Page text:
Tag Archives: faith

Home Coming

Researchers say the sense of smell holds the longest memory.

I believe it.

This weekend, I enjoyed a long walk down memory lane.

I exited my vehicle and stepped into the dusty parking lot, exhilarated at the prospects of sitting in rocking chairs alongside old friends and disconnecting from recent stressors.

Registration went smoothly as a familiar face greeted me with a hug and issued my cabin assignment and name tag. I was ready for a Camp Team Member reunion.

I walked around the grounds with a million thoughts competing in my mind.

I smelled the musty chapel and was instantly transported to 26 years ago when I first entered this space as a tween girl. Stained glass windows are present no longer (and are missed) but the clear glass replacing them enhances the natural beauty and I accepted the change.

I caught the fresh, fishy aroma of Lake Griffin and breathed in deep.

I entered a cabin (#3) and caught my breath in the delightful smell of old carpet and mildew and plastic.

I was home.

Other senses caught me, too:

The rustling of the plastic mattresses, easier to clean than to rest comfortably.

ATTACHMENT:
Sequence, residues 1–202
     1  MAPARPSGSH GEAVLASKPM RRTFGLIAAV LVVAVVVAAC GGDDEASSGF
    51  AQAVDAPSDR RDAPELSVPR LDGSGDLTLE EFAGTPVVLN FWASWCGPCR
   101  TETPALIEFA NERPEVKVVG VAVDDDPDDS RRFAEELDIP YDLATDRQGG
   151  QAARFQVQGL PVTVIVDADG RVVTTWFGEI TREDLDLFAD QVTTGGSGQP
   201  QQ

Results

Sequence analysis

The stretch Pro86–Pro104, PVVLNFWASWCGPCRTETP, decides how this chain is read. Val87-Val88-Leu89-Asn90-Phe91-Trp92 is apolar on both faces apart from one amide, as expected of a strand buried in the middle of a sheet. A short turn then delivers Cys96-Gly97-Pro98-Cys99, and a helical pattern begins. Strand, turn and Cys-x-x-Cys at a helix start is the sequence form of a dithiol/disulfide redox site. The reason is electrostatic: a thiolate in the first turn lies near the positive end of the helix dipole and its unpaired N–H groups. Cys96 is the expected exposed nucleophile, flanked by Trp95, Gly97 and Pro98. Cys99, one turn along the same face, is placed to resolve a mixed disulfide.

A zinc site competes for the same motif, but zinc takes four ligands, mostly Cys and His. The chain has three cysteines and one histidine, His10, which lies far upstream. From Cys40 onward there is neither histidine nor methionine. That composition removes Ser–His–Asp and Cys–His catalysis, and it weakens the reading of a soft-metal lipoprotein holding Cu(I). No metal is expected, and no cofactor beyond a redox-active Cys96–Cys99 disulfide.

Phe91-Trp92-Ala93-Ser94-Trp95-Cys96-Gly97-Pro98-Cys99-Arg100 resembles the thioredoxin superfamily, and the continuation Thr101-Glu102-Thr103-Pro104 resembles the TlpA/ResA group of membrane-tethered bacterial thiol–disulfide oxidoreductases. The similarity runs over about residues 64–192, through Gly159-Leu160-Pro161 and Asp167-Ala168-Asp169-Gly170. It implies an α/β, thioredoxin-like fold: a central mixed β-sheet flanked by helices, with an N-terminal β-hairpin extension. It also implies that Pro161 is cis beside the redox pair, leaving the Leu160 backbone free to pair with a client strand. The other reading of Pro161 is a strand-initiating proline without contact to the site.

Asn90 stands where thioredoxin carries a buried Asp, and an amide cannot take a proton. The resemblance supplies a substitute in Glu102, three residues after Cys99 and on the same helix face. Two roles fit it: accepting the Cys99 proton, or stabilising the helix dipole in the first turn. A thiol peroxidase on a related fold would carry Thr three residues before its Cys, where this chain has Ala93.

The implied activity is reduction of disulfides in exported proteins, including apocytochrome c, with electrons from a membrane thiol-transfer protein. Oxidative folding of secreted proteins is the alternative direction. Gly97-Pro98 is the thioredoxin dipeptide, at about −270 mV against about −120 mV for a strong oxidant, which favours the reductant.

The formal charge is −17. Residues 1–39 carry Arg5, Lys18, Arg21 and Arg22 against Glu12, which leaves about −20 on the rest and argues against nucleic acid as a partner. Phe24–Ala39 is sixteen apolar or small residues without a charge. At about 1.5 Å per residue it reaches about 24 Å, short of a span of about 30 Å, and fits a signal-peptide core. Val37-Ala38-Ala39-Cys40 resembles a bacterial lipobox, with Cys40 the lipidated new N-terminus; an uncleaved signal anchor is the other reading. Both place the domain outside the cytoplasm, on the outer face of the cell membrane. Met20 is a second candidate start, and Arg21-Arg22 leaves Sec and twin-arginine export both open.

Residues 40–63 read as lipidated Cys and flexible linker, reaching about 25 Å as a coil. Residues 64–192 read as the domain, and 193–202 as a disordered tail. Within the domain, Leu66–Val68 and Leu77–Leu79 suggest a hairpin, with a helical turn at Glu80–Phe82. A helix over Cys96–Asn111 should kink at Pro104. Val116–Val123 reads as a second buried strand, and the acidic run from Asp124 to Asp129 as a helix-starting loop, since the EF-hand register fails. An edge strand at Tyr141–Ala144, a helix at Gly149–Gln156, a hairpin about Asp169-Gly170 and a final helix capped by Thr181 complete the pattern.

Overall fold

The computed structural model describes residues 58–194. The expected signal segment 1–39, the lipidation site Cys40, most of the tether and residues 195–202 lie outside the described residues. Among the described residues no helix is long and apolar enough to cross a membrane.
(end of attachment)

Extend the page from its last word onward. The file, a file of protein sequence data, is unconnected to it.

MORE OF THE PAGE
The sight of the beautiful cross on the lake, newly lit with LED bulbs that glowed blue at night but still somehow felt the same.

The feel of the itchy grass, mosquitoes and wind in my hair.

The camp food: predictable salad bar, mystery meat (Chinese style) served on spaghetti noodles with a garlic breadstick?; breakfast waffles and bacon.

They were all served on classic trays and don’t forget to “Stack yo’ dishes!!”

The camp snacks: Zebra cakes and chilled root beer from a glass bottle. And the nacho bar and ice cream sundae bar because I think I must still be a teenager who doesn’t need to count calories.

Every step I took, I sunk into Camp a little more deeply.

I set foot here and am instantly filled with a thousand memories of people I met, people I loved. Of looking for God and peace and purpose.

Veggie Tales. The Fruits of the Spirit song. (I can still sing it!) Indiana Jones’ Leap of Faith. Caedmon’s Call.

I see the ghost of my past self, sneaking out of my cabin just once, trying desperately to appease campers and fellow Team members. And getting caught, scared to death I’d be sent home.